Mesh network for IoT devices transfers data in two ways: Flooding or Routing. In Flooding, all the nodes act as a data broadcaster. Thus, this technique expedites data communication. However, Flooding is an energy-consuming approach.


At the same time, routing chooses one path and transfers the data package from node to node until it reaches the endpoint. Unlike flooding, routing sends data to one node at a time. It chooses another route only when the connection in the first route breaks. Furthermore, to ensure efficiency, the mesh network adopts Shortest Path Bridging i.e., SPB or IEEE 802.1aq algorithm, to transfer data via the shortest route available.


Types of Mesh Network

In a mesh network for IoT devices, IoT app developers can connect devices in two ways: Full Mesh Network or Partial Mesh Network.


Full mesh network requires end-to-end connection among every device, router, or switch to provide a high degree of redundancy and efficiency. Besides, it facilitates data package communication by single-link.


On the other hand, in a partial mesh network, devices are not directly connected to each other. But still, each device is connected to at least two other nodes. So, this type of mesh network enables rapid data transfer from one node to the other.

                                                              (picture from Google)

Where IoT Mesh Network Can be Used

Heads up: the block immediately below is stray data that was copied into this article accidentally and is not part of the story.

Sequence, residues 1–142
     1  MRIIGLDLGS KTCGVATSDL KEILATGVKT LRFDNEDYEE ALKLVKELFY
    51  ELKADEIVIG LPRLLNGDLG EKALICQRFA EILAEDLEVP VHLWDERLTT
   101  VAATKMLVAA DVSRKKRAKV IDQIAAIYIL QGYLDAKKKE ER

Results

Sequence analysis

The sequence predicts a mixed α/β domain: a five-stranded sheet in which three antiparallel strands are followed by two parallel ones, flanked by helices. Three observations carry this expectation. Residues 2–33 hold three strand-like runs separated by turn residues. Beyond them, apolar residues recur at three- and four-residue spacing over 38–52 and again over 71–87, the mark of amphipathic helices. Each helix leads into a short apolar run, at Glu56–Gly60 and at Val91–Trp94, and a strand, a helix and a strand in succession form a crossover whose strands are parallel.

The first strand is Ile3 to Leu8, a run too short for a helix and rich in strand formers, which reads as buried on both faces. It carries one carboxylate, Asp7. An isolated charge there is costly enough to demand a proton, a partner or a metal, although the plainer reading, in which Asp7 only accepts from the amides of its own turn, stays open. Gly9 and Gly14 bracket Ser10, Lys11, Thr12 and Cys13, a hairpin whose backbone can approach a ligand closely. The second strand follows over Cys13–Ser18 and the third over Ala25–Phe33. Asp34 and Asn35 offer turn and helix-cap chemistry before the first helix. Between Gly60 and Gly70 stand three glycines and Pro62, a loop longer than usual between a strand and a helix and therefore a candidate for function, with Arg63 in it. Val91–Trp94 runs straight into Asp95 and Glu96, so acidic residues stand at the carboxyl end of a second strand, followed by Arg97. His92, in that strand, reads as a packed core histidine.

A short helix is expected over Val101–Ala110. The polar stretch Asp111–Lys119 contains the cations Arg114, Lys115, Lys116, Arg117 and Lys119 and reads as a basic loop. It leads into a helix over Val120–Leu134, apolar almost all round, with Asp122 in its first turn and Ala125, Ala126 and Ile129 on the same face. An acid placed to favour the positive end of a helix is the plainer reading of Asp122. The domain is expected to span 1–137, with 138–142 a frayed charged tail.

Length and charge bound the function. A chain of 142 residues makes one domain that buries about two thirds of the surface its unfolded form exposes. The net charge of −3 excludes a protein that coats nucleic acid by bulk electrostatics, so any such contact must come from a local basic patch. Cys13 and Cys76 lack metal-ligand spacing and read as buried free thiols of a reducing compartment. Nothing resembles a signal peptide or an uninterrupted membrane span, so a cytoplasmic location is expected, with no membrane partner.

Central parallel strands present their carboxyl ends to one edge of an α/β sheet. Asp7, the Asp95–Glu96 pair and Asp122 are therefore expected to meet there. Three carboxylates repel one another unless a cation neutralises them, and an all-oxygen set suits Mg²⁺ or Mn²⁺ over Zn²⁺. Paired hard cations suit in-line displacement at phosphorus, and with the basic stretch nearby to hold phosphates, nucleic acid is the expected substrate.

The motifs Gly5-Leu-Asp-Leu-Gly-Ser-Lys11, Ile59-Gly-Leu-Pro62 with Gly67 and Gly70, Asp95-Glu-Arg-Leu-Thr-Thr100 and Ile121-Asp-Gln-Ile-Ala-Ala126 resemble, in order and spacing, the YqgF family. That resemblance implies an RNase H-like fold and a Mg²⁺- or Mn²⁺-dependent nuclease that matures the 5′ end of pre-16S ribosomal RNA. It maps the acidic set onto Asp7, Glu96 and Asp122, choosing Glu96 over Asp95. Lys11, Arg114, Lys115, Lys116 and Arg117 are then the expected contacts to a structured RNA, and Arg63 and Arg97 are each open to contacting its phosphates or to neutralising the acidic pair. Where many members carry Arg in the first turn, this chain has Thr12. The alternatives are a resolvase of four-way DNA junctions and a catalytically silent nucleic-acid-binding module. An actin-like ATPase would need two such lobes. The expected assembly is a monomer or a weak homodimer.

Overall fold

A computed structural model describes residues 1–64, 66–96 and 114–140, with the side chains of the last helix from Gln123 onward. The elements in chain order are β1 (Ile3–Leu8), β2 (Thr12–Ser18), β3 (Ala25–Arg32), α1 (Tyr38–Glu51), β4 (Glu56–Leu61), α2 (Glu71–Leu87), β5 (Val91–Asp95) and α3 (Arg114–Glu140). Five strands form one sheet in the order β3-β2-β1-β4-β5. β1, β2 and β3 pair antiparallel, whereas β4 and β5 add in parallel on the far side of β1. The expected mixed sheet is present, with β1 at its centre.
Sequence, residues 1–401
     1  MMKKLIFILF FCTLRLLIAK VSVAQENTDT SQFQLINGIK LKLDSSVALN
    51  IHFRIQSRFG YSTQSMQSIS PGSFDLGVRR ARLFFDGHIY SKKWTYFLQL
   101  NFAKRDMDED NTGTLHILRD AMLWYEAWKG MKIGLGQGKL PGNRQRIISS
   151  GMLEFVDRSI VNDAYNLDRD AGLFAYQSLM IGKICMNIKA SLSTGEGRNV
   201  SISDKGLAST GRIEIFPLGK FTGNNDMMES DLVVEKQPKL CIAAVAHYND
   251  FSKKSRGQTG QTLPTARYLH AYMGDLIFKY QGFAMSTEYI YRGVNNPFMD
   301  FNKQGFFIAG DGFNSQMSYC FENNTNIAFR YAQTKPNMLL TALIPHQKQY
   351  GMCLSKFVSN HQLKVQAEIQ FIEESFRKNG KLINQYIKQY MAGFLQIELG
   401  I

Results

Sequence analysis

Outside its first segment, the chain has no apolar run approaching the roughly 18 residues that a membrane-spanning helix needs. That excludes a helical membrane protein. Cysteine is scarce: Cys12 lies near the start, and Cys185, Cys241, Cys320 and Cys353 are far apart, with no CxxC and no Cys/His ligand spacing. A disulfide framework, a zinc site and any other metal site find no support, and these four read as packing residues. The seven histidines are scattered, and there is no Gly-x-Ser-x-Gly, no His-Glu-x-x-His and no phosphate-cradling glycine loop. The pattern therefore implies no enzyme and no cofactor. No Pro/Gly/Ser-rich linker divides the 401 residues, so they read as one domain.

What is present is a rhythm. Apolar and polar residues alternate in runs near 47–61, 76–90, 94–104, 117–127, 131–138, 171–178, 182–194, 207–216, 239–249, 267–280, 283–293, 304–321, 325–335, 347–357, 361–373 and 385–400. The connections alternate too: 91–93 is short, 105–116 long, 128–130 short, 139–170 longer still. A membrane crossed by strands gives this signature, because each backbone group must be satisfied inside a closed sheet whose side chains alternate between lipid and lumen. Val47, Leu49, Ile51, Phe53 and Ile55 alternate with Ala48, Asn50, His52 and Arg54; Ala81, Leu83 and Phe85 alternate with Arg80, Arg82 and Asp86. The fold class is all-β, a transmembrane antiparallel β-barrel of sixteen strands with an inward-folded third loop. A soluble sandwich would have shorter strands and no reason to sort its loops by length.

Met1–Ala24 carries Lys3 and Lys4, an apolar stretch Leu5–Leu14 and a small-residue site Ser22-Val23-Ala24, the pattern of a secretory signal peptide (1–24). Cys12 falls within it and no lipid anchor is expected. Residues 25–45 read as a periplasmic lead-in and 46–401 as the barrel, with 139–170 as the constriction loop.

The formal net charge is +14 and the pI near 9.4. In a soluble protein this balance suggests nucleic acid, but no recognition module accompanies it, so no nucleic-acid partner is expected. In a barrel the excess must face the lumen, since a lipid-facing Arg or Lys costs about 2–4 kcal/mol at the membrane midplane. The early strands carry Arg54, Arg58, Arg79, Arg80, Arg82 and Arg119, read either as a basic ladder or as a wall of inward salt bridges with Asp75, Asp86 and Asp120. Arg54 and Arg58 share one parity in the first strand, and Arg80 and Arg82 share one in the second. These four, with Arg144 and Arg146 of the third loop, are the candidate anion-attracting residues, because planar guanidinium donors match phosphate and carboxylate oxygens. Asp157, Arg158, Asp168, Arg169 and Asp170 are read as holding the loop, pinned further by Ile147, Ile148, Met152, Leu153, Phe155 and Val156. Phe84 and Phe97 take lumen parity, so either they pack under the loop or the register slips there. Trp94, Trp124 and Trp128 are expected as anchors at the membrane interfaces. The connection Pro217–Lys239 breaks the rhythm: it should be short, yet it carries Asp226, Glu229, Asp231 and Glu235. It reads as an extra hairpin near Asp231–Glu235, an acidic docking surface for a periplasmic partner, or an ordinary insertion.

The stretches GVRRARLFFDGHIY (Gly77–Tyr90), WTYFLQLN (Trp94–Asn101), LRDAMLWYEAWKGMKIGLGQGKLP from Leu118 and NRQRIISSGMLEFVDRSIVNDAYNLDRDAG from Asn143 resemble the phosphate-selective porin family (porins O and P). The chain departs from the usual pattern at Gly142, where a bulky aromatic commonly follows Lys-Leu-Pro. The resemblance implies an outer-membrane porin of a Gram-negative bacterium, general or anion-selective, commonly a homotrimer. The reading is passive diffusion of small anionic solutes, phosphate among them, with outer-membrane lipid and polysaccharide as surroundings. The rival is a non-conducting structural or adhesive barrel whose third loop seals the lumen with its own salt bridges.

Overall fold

With new technologies, wireless mesh networking has reached a point of maturity and become ideal for IoT app developers. Besides, the elevation of connected homes and industry support on open-source resources has made mesh truly accessible and low-cost. They are also regarded as much more viable and real choice for commercial as well as industrial IoT apps. At the same time, it can render extra services in a system where extending a two-node connection is limited.


Smart Cities – 

A wireless mesh network is the best for extending radio signals through campus grounds, business parks, parking garages, and other outdoor facilities. Besides extending signals throughout the whole space, it can be able to send a message when a spot is occupied. Thus, areas like parking garages that need space availability checkers significantly benefit from a mesh network.


Healthcare Equipment –

A mesh network can facilitate monitoring and locating medical equipment. It can also serve as a backup for medical devices that always require to stay online. Thus, if one node crashes and loses connectivity, another node can step in to maintain the connection.


Smart Home –

You can track and manage temperature across your home using a wireless mesh network. You can also capture live data and adjust settings automatically by setting up one powered gateway, sensors, and mesh-enabled nodes in each room.


Farming –

Mesh networking is the best way to track sun exposure and water levels across the crops and fields. Additionally, you can create a cellular-connected IoT platform by building a mesh network across a whole acreage with the help of an IoT app development company.